Mentoring & Supervision (276 items)To section archive
Mentoring of newly qualified teachers in early childhood education and care centres: Individual or organizational orientation?
The purpose of this paper is to present and discuss contrasting perceptions regarding “leadership and mentoring” among leaders of Norwegian early childhood education and care (ECEC) centres in their mentoring practices with newly qualified early childhood teachers (NQTs). Semi-structured qualitative interviews were conducted with eight leaders in Norwegian ECEC centres. Leaders in dual roles as leaders and mentors have varying orientations in mentoring NQTs. The paper presents the findings as two main orientations: an individual and an organizational orientation. Individually oriented leaders as mentors focus on individual needs and support of the NQT. Organizationally oriented leaders as mentors emphasize collective reflection and learning in the staff group and include NQTs in various learning processes in the ECEC centre. The study contributes to increased knowledge on how leaders’ views on leadership and organization influence their mentoring with NQTs. The study is relevant for leaders in other educational settings such as schools.
Updated: Feb. 17, 2021
Mentoring as meaningful professional development: The influence of mentoring on in-service teachers' identity and practice
Within teacher education, many experienced in-service teachers routinely mentor pre-service teachers during teaching practicums. Notwithstanding the benefits pre-service teachers are meant to experience from these mentor–protégé relationships and experiences, recent research has demonstrated that mentors, too, may experience some (oftentimes unintended) potential benefits. The purpose of this paper is to further investigate such potential benefits within a Canadian secondary school physical education (PE) context. The researchers employed a qualitative case study methodology. The three primary data sources included field observations/notes, journals and interviews. The mentor teachers viewed the mentor–protégé relationship/experience as meaningful professional development, recognizing that it approximated a professional learning community. Relatedly, the mentor teachers experienced professional growth with respect to their own teaching identity and teaching practice.
Updated: Feb. 09, 2021
The purpose of this paper is to identify the negative coping strategies used by pre-service teachers who struggle to cope in a school placement in Melbourne, Australia, highlighting the importance of providing quality mentorship. A mixed-methods approach was used for the analysis of pre-service teachers’ coping on a teaching practicum and to identify common related beliefs. A total of 177 pre-service teachers, who have completed at least one supervised practicum participated in this study. The Coping Scale for Adults second edition (CSA-2) was administered alongside an open-ended questionnaire to identify frequently used coping styles and associated thoughts and beliefs. The results show that pre-service teachers who favour non-productive coping strategies were more likely to express feelings of loneliness, pointed at poor communication with their mentor and described thoughts about leaving the teaching profession.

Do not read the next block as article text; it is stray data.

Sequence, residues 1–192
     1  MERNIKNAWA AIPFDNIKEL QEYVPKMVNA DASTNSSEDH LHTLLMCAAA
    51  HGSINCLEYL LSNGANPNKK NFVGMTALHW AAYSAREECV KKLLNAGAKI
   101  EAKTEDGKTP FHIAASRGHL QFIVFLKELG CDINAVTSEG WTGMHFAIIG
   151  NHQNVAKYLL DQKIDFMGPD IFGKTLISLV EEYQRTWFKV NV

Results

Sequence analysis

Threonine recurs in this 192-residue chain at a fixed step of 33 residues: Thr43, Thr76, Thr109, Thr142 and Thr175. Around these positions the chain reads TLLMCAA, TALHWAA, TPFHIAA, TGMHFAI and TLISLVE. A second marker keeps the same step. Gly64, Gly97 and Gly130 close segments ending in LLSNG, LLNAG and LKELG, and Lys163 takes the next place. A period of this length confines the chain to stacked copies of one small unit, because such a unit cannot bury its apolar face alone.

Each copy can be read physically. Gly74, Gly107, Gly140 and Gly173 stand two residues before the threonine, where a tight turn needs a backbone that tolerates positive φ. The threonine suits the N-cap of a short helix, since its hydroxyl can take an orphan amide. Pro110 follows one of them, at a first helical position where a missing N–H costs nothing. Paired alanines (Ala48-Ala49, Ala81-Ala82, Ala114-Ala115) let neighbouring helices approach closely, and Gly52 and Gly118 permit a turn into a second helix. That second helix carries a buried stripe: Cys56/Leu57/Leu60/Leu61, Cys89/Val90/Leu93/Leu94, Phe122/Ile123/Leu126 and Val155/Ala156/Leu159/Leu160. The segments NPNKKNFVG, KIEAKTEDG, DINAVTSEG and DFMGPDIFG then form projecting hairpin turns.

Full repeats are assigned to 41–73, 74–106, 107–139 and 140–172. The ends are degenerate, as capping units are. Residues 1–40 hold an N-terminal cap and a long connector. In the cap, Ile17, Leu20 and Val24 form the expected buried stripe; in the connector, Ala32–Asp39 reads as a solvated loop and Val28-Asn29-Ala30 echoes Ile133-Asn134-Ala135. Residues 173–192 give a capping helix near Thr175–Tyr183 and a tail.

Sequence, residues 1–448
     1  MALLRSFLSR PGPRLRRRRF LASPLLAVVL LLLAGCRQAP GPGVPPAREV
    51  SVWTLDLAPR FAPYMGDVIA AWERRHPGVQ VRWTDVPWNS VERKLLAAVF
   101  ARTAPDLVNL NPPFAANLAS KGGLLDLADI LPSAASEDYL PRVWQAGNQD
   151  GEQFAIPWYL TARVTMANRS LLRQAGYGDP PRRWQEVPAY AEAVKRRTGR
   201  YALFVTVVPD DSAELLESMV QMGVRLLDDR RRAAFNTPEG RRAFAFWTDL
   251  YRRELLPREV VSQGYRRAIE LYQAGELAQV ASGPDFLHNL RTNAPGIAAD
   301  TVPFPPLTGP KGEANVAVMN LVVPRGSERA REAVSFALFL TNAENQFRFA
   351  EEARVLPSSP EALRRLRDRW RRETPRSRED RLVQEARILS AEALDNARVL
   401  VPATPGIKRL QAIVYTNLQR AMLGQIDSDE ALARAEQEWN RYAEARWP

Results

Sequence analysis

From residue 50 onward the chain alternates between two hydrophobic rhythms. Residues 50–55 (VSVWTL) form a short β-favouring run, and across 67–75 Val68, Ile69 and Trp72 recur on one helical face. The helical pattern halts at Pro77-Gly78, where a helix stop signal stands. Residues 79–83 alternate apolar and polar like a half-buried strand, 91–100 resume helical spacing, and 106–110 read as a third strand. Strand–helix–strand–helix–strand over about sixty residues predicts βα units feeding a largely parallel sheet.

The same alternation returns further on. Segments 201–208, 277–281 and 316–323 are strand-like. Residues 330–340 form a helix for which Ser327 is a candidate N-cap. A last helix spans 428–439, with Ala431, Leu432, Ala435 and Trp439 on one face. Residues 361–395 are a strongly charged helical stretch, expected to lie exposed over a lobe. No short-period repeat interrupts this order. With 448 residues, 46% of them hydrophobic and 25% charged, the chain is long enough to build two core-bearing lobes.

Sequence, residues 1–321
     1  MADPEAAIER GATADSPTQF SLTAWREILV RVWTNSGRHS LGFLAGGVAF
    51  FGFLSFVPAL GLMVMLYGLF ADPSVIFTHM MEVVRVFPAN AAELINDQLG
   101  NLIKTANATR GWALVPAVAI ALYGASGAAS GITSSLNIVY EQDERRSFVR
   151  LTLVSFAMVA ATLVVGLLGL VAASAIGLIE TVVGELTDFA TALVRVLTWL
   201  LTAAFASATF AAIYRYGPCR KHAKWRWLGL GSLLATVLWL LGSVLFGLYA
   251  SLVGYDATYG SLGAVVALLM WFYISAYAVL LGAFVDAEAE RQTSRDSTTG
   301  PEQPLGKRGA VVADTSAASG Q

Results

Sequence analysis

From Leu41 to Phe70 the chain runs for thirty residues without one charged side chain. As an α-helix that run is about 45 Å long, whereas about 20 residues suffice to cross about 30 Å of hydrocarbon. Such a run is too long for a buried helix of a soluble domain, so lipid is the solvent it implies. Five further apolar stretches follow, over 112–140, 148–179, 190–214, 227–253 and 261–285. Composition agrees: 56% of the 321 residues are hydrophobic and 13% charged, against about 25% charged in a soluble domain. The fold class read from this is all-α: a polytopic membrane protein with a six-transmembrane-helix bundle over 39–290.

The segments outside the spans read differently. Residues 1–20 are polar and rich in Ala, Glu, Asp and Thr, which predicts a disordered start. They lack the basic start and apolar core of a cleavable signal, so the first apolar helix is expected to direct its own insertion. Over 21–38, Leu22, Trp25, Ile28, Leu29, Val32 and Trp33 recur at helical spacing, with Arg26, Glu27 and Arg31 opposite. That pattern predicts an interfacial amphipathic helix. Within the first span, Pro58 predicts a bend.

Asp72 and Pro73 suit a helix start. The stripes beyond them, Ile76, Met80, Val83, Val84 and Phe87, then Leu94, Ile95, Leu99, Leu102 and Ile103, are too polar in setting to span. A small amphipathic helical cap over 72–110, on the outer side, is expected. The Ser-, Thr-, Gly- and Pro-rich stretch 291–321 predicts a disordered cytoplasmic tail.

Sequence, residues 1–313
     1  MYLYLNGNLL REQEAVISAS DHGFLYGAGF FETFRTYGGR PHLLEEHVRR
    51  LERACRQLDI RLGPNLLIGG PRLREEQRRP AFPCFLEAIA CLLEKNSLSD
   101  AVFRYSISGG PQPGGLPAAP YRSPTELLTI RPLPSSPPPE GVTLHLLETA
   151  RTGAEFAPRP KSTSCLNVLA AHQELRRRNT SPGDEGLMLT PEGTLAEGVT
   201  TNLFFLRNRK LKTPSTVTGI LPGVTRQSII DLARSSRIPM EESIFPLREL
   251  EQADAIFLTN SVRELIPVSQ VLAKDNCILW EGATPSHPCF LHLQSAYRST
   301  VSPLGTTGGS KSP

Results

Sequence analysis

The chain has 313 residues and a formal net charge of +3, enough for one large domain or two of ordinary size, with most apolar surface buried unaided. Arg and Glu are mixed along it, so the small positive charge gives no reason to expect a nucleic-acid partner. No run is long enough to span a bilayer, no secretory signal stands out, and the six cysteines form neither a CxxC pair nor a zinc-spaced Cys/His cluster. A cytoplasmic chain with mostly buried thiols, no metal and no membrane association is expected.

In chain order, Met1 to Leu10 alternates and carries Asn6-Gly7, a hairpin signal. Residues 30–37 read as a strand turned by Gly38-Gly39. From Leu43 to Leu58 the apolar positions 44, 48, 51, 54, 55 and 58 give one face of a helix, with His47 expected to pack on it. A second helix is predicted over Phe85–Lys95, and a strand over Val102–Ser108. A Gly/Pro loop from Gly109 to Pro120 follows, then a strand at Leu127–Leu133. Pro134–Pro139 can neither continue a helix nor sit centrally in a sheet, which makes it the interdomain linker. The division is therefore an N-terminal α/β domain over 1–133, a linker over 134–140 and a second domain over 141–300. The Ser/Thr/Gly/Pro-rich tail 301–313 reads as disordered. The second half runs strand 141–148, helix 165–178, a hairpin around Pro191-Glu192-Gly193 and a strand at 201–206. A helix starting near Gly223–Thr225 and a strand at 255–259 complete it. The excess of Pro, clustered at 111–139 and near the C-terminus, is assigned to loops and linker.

Updated: Feb. 04, 2021
Mentoring substructures and superstructures: an extension and reconceptualisation of the architecture for teacher mentoring
This paper presents the outcomes of an empirical investigation into the validity of Bryan Cunningham's thesis that the effectiveness of teacher mentoring is enhanced by a supportive institutional framework comprising eight ‘architectural design features’. It draws upon analyses of data from a mixed methods study of mentoring in the English Further Education sector. Data were generated via 40 semi-structured interviews with teachers, mentors and other stakeholders, and a national online survey of teachers of all subjects/vocational areas, completed by 392 respondents across all nine regions of England. The paper presents a reconceptualisation of the architecture for mentoring, which encompasses both a mentoring substructure and superstructure. Cunningham’s institutional architecture (reconceptualised as a mentoring substructure) is extended through the identification of additional design features, while limitations of the concept of an institutional mentoring architecture are exposed and evidence presented to show that a complementary superstructure is a necessary additional means of seeking to achieve optimally effective mentoring. A new research agenda is proposed to explore the extent to which the proposed mentoring substructure and superstructure are applicable in different professional and international contexts, and to identify common features of optimally supportive mentoring superstructures.
Updated: Jan. 09, 2021